Webb Science: The End of the Dark Ages: First Light and Reionization
Until around 400 million years after the Big Bang, the Universe was a very dark place. There were no stars, and there were no galaxies. Scientists would like to unravel the story of exactly what happened after the Big Bang. The James Webb Space Telescope will pierce this veil of mystery and reveal the story of the formation of the first stars and galaxies in the Universe.
As the Universe expanded after its origin in a Big Bang, the hot soup of fundamental particles (such as free protons and electrons) started to cool down. This allowed electrons and protons to pair up and form "neutral hydrogen atoms," (i.e. hydrogen atoms with one electron and one proton). This process of pairing up is called "Recombination" and it occurred about 400,000 years after the Big Bang. As the free electrons were now bound to protons, light could travel freely since it was no longer stopped by frequent scattering off the free electrons.
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The Universe went from being opaque to transparent at this point, and "the era of recombination" is the earliest point in our cosmic history to which we can look back with any form of light. This is what we see as the Cosmic Microwave Background today with satellites like the Cosmic Microwave Background Explorer (COBE) and the Wilkinson Microwave Anisotropy Probe (WMAP). At right is an illustration of the timeline of the universe.
Another change occurred after the first stars formed. Theory predicts that the first stars were 30 to 300 times as massive as our Sun and millions of times as bright, burning for only a few million years before exploding as supernovae. The energetic ultraviolet light from these first stars was capable of splitting hydrogen atoms back into electrons and protons (or ionizing them). Observations of the spectra of distant quasars tell us that this occurred when the Universe was almost a billion years old.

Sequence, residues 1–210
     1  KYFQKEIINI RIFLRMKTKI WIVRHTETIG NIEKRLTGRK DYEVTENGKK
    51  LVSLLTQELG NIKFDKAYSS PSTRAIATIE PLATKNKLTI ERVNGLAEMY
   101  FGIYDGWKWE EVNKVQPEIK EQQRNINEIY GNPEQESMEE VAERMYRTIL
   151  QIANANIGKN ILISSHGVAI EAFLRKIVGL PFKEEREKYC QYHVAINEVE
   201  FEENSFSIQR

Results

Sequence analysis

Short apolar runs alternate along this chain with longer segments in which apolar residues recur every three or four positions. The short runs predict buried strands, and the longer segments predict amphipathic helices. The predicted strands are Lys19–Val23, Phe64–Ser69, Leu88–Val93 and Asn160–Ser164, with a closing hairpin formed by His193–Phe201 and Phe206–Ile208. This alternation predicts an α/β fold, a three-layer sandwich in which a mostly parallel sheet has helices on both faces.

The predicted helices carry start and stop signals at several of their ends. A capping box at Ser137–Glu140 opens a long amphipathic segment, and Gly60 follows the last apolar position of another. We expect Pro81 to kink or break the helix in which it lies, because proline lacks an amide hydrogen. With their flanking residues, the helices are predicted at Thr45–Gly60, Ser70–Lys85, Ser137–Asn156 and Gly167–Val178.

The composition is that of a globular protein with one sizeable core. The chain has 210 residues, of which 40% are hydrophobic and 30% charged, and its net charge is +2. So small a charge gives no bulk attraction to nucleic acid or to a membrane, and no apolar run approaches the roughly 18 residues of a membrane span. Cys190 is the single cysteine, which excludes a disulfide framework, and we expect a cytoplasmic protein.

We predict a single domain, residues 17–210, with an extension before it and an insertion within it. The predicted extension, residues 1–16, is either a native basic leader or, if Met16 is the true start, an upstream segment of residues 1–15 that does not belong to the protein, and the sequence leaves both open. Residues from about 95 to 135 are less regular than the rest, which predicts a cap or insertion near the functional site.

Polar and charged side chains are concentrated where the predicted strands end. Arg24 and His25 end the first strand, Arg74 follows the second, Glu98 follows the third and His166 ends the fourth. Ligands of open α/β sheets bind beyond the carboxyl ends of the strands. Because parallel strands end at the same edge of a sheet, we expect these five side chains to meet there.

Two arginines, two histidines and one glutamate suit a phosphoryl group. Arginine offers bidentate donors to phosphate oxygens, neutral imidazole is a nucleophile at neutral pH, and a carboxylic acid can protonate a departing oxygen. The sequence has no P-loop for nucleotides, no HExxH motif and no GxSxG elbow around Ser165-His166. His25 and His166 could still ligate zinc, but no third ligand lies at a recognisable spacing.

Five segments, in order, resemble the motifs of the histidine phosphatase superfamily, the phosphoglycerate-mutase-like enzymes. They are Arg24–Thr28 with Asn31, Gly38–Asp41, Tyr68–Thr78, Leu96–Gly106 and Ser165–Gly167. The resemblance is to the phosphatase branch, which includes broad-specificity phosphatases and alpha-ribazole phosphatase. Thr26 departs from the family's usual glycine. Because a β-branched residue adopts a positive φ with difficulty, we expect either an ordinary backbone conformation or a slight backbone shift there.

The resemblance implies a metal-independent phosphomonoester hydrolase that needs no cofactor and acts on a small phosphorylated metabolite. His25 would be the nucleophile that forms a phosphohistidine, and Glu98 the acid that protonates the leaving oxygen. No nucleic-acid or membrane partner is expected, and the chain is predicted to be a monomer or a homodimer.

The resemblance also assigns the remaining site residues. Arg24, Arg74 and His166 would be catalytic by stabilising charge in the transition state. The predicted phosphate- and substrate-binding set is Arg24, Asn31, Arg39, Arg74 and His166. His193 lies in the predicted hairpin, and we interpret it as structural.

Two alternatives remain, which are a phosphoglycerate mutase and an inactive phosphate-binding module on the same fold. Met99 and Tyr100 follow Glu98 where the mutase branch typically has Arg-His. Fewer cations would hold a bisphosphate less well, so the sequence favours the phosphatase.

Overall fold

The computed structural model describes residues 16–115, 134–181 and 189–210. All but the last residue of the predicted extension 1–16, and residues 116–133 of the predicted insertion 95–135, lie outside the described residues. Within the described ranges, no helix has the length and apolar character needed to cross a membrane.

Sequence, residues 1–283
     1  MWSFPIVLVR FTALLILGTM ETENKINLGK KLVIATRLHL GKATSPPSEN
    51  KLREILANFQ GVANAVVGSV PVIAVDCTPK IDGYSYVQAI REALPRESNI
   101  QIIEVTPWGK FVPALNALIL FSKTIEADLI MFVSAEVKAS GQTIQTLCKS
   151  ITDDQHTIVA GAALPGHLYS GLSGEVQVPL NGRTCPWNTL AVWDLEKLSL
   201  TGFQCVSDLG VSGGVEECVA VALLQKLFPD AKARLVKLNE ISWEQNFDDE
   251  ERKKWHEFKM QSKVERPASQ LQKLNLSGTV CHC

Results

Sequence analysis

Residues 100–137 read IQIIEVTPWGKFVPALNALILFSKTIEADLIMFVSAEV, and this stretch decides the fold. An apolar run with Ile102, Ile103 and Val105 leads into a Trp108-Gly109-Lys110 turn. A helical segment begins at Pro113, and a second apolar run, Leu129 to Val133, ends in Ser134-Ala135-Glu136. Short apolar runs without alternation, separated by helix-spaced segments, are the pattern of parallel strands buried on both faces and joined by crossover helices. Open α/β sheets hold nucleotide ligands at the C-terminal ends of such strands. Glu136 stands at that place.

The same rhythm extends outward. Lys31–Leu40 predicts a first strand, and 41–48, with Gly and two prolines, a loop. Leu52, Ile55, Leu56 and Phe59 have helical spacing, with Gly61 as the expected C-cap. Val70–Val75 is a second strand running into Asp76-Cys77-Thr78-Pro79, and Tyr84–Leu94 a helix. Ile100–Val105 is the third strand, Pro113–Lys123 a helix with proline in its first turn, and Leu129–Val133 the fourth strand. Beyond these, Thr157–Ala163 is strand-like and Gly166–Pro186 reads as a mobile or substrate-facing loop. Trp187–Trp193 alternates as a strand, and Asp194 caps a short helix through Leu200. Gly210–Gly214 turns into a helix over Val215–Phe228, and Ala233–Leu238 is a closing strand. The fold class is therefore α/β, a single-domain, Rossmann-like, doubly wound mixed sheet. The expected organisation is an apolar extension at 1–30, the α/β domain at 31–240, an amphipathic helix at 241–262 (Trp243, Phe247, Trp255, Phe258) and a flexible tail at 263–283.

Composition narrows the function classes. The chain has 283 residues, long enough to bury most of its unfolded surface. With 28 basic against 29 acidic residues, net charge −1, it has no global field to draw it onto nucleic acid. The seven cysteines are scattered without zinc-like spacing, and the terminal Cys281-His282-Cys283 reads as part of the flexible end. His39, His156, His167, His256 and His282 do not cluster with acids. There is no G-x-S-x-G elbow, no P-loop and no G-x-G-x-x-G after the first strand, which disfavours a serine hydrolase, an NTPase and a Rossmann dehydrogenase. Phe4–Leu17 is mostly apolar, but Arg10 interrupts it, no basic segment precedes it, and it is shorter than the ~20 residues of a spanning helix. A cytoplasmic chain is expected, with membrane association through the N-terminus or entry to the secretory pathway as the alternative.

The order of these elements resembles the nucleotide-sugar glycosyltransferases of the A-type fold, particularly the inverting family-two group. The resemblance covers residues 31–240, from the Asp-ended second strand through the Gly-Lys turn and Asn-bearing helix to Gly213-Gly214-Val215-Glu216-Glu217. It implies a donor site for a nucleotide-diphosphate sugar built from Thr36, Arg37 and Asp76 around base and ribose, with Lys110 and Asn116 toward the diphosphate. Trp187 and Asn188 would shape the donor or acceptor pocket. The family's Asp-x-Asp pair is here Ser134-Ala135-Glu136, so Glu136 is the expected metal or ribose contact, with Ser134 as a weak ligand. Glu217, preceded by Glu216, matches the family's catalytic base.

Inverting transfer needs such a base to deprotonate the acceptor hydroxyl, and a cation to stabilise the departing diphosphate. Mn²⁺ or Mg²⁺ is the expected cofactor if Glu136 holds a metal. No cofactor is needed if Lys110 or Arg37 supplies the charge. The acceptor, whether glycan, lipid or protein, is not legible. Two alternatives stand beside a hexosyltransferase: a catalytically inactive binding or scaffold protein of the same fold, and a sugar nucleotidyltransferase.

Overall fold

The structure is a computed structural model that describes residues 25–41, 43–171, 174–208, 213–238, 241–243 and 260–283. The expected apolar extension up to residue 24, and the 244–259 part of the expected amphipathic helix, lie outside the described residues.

That era, when the universe was a billion years old, is known as "the epoch of reionization." It refers to the point when most of the neutral hydrogen was destroyed by the increasing radiation from the first massive stars.
Reionization is an important phenomenon in our Universe's history as it presents one of the few means by which we can (indirectly) study these earliest stars. But scientists do not know exactly when the first stars formed and when this reionization process started to occur.
The emergence of these first stars marks the end of the "Dark Ages" in cosmic history, a period characterized by the absence of discrete sources of light. Understanding these first sources is critical, since they greatly influenced the formation of later objects such as galaxies. The first sources of light act as seeds for the later formation of larger objects. (The Hubble Deep Field is shown at left.)
Additionally, the first stars that exploded as supernovae might have collapsed further to form black holes. The black holes started to swallow gas and other stars to become objects known as "mini-quasars," which grew and merged to become the huge black holes now found at the centers of nearly all massive galaxies.
Webb will address several key questions to help us unravel the story of the formation of structures in the Universe such as: When and how did reionization occur?; What sources caused reionization?; What are the first galaxies?
To find the first galaxies, Webb will make ultra-deep near-infrared surveys of the Universe, and follow up with low-resolution spectroscopy and mid-infrared photometry (the measurement of the intensity of an astronomical object's electromagnetic radiation). To study reionization, high resolution near-infrared spectroscopy will be needed.